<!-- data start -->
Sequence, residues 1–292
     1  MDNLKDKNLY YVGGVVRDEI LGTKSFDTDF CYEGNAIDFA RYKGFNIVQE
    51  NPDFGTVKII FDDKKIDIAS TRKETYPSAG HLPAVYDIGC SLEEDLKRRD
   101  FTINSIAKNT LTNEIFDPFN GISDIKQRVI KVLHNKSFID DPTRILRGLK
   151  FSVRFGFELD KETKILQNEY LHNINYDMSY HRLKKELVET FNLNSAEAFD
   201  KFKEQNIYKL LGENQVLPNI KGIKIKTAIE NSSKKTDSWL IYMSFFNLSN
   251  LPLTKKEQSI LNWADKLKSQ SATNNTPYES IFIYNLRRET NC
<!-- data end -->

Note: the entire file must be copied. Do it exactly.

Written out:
Sequence, residues 1–292
     1  MDNLKDKNLY YVGGVVRDEI LGTKSFDTDF CYEGNAIDFA RYKGFNIVQE
    51  NPDFGTVKII FDDKKIDIAS TRKETYPSAG HLPAVYDIGC SLEEDLKRRD
   101  FTINSIAKNT LTNEIFDPFN GISDIKQRVI KVLHNKSFID DPTRILRGLK
   151  FSVRFGFELD KETKILQNEY LHNINYDMSY HRLKKELVET FNLNSAEAFD
   201  KFKEQNIYKL LGENQVLPNI KGIKIKTAIE NSSKKTDSWL IYMSFFNLSN
   251  LPLTKKEQSI LNWADKLKSQ SATNNTPYES IFIYNLRRET NC